The seemingly unstoppable expansion of marijuana legalization is generating undeniable enthusiasm and economic optimism about the future of the industry. But upon closer inspection, the cannabis market isn’t as bullish as it may appear. Somewhat ironically, it’s the hype surrounding the legal market that’s setting up companies for major losses. And Canadian cannabis producer Aphria is a case in point. On Monday, the company’s third-quarter report sent its shares plummeting 15 percent. Market analysts didn’t have high hopes for Aphria to begin with, but the company performed much worse than expected. So what happened?
At the root of Canadian cannabis producer Aphria’s problems is simply that it needed to sell more weed. But a failed takeover bid and a $50 million over-valuation of its Latin American assets didn’t help. Neither did a high-profile analysis of Aphria’s earnings, which showed “negative margins, decreased production volume, regulatory scrutiny and a large write off for its Latin American acquisitions, which we think will be the first of many,” according to Quintessential Capital Management‘s Gabriel Grego.
In fact, the report was so damning that Quintessential took up a short position on Aphria, saying that its research showed the company was over-hyping their actual performance. Aphria had itself over-hyped, or fallen for the hype of production facilities in Colombia, Argentina and Jamaica. Hindenburg Research said their analysis suggested those assets were worthless.
Then, there’s how much Aphria tried to hype itself to Green Growth Brands, a U.S. cannabis company that initiated a hostile takeover attempt in December. Aphria wanted its shareholders to reject the takeover bid, claiming Green Growth’s offer low-balled the company’s value. Aphria’s Monday announcement of a quarterly loss in excess of $100 million prompted an agreement to end the takeover offer. “We are bringing our offer to an end on good terms with Aphria,” Green Growth Brand CEO Peter Horvath told Markets Insider.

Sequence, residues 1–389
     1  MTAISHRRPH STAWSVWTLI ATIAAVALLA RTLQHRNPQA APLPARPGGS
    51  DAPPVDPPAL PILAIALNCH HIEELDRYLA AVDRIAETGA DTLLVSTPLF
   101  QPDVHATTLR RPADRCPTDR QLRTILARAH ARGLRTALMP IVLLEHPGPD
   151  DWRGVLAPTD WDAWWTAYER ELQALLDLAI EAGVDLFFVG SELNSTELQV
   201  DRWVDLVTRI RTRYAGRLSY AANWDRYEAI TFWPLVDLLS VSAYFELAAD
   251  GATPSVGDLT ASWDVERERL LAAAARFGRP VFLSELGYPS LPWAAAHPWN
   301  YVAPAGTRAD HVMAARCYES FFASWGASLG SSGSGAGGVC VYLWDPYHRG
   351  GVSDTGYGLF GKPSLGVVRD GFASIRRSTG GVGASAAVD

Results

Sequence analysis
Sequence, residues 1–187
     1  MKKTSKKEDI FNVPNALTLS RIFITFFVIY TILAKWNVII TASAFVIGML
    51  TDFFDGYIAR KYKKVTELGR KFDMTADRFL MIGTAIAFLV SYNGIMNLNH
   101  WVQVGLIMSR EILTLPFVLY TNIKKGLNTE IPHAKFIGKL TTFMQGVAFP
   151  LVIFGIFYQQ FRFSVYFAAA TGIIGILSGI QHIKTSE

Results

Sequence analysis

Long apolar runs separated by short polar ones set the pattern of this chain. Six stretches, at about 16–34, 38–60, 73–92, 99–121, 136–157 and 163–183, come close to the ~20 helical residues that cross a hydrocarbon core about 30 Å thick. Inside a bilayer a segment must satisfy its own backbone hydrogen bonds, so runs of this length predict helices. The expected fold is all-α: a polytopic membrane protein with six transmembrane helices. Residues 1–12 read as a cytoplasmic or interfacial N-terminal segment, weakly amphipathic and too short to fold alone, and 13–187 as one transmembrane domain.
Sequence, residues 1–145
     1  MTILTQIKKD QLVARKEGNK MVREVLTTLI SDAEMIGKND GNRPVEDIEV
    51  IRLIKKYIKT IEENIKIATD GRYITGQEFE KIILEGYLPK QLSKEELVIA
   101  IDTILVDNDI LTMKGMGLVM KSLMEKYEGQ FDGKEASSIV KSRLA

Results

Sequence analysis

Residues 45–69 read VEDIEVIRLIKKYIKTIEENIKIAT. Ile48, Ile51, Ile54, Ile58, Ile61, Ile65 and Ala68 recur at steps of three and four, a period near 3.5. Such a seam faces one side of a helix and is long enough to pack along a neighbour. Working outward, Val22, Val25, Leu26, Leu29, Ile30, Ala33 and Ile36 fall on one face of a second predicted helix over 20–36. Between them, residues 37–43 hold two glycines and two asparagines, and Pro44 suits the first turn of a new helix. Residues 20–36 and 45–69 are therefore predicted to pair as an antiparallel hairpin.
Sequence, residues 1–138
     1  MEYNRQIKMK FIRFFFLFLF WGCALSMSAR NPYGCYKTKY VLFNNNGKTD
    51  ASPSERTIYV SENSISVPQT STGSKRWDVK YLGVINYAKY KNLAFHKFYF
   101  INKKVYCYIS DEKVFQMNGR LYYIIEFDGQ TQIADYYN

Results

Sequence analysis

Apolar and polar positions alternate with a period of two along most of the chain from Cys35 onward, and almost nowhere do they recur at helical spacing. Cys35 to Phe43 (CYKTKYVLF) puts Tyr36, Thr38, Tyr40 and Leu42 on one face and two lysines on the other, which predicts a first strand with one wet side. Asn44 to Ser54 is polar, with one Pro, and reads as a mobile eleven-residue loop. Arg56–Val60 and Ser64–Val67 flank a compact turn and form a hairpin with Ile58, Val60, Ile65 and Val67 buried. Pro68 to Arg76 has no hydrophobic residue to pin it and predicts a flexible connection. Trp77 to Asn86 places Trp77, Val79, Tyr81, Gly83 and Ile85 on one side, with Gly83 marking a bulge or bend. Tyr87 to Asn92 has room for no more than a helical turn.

The fact that Aphria’s third-quarter losses overshadowed the company’s surging revenue, which climbed to C$73.6 million from C$10.3 million in the first quarter of full legalization in Canada, suggests mismanagement. No wonder, then, that Aphria came under scrutiny in February for the undisclosed conflicts of interest of some of its board members. Aphria is since under new management, who are working to correct course.
But other companies are in the same boat as Aphria. Organigram Holdings, for example, fell 4.5 percent. While not as dire as Aphria’s drop in share price, Organigram’s stock dropped for the same reason: losses that outweighed revenue.
Other rival cannabis companies, like Canopy Growth, Aurora Cannabis, Tilray and Cronos Group are all down. And so are many of the smaller players. Aphria’s 15 percent drop is depressing the entire industry. And that forecasts a more volatile market, especially with Canada preparing to launch oils and edibles this fall. The retail extracts market is already causing major shifts as companies that have focused primarily on flower pivot to concentrates.
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